Marcin Poltorak still has the one-way bus ticket that took him from Krakow, Poland, to Manchester in August 2004, aged 26. “The plan was to work for two years then go back and buy a house,” he recalls. Poltorak found a job in a slaughterhouse in the northern town of Clitheroe and, 17 years later, remains in the UK: “It was so much better here,” he says.
When prime minister Tony Blair opened Britain’s doors to workers from eight former communist states in central and eastern Europe that year, it was a big decision with huge ramifications. Over the next decade, Britain’s economy and society were transformed by hundreds of thousands of arrivals from Poland, Lithuania and elsewhere. At its peak, the number of European migrants in the UK was by some estimates five million or higher, from a population estimated to be more than 66 million. London’s Victoria coach station was packed with people starting a new life and soon the country’s bars, hotels and farms spoke with different accents.
“We’ve got to be honest with ourselves,” Blair tells the Financial Times. “We pursued an open labour-market policy because, at the time, our economy was booming and we needed the workforce.”
The decision convulsed UK politics. According to Nigel Farage, former leader of the Brexit party: “That one issue had more impact on the political direction of the UK than any other political decision in recent years. No question about that.”
The after-effects of Blair’s move were still being felt by the 2016 referendum on Britain’s membership of the EU; in one poll, a third of Leave voters said their main reason for voting for Brexit was to control immigration.
Now, nearly two decades of migration into the UK appear to have reached another turning point and are going into reverse. The Brexit vote shook the faith of some immigrants in the country they called home, while the Covid-19 pandemic has caused a big return of workers after their jobs disappeared or were put on hold.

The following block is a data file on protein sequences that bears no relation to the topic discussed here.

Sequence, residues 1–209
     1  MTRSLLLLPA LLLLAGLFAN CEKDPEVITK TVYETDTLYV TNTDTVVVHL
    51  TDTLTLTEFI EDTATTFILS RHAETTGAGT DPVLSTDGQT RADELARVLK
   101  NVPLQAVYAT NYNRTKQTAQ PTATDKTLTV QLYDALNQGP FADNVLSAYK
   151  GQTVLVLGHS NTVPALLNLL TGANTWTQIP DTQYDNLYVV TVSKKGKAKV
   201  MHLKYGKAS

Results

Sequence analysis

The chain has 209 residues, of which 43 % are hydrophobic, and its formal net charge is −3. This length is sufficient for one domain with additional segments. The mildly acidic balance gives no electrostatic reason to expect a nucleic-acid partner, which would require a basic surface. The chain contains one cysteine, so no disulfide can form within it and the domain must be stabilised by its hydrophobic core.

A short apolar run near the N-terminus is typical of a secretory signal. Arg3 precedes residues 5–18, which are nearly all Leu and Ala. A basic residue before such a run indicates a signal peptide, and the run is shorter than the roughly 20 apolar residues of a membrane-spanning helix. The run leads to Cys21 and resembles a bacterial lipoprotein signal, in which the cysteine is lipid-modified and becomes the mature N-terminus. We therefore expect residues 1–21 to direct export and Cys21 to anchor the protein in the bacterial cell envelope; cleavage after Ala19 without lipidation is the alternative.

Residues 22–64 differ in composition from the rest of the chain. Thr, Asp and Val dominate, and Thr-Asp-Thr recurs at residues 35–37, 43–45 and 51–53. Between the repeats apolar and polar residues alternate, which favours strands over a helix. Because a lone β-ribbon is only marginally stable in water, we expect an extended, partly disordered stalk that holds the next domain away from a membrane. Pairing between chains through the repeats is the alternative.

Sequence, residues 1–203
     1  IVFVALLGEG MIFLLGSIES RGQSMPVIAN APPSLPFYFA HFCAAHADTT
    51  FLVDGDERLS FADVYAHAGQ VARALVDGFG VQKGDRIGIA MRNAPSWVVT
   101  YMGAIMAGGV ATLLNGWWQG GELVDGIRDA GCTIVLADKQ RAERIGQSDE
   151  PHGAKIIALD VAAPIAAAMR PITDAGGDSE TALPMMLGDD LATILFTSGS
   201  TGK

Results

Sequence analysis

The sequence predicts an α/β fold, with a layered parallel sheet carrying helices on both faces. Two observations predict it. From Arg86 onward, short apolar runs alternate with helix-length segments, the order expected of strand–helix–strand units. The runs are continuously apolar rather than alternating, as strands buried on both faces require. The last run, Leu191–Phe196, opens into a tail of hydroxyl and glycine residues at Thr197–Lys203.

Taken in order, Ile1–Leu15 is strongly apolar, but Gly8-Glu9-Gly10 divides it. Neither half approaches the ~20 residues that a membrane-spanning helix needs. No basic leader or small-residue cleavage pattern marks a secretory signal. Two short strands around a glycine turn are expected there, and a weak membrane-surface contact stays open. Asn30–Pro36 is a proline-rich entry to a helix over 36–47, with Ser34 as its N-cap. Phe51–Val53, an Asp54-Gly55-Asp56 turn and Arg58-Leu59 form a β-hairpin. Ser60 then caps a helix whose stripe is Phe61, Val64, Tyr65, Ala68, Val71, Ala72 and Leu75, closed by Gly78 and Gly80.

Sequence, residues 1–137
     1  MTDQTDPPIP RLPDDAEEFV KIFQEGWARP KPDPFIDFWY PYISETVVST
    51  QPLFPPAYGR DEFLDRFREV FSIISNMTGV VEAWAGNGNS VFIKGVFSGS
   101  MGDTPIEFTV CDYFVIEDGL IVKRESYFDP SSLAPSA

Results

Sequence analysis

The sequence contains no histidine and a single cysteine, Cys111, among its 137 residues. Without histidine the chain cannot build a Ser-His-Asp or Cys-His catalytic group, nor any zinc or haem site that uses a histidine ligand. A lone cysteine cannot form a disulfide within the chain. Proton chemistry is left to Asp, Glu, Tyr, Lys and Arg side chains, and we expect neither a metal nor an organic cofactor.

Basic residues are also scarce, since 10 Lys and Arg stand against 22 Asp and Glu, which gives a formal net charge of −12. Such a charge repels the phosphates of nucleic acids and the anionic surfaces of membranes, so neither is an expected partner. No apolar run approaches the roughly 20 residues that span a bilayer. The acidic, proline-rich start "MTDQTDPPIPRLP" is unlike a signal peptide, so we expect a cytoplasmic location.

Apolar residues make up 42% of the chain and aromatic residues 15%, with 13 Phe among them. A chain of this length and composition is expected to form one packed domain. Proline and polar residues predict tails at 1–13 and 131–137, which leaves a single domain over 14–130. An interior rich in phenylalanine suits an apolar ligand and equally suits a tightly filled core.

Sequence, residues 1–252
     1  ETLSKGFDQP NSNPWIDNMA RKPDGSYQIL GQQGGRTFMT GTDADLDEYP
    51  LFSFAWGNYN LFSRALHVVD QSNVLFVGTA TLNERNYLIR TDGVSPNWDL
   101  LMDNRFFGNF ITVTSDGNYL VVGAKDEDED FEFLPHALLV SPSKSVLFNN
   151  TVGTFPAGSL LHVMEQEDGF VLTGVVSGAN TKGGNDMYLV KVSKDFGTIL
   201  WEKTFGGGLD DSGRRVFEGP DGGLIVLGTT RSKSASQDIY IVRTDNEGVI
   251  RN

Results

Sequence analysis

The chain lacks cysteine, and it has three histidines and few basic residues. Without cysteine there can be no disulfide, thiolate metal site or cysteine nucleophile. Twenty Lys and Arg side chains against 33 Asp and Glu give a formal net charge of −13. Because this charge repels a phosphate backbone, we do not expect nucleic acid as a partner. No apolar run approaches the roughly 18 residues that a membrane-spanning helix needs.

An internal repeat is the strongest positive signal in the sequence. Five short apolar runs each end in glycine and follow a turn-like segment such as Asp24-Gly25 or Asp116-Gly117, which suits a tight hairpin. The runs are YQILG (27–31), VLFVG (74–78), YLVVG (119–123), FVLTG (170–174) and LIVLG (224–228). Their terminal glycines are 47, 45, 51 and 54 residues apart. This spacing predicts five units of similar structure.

Over the past year, tens of thousands of workers at least have returned to their countries of origin or to other countries in the EU, according to academics’ calculations. Some claim the return migration is on a much bigger scale: “It’s an absolutely massive deal,” says Madeleine Sumption, director of the Migration Observatory at Oxford university, on the shift to net emigration.
Many of these people will come back when the British economy returns to life, but some will not. And for the companies that have come to depend on an apparently inexhaustible supply of foreign labour, a big change is coming as post-Brexit immigration rules kick in.
The FT has spoken to political figures involved in the immigration debate over the past 20 years, to those who left their homes to come to the UK — and to those who have now decided to go back.
This is the story of how one of Europe’s largest peacetime migrations shaped a country and of the people who made their lives in Britain. It is an account of how those driven to seek work and a better life inadvertently found themselves in the Brexit maelstrom and the pandemic and of the calculations they are now making on whether to stay or to go.
There are as many migration stories as there are migrants and each person weighs up their life and their options differently. But the upheaval caused by the pandemic has led a growing number of people to ask themselves whether the costs of remaining in the UK are greater than the benefits.
Kasia Przybylo looks pained as she contemplates the question of returning to her native Poland. Since 2010, she has lived with her husband and children in Bedford, 45 miles north of London. But Przybylo, 48, explains that she is facing a dilemma.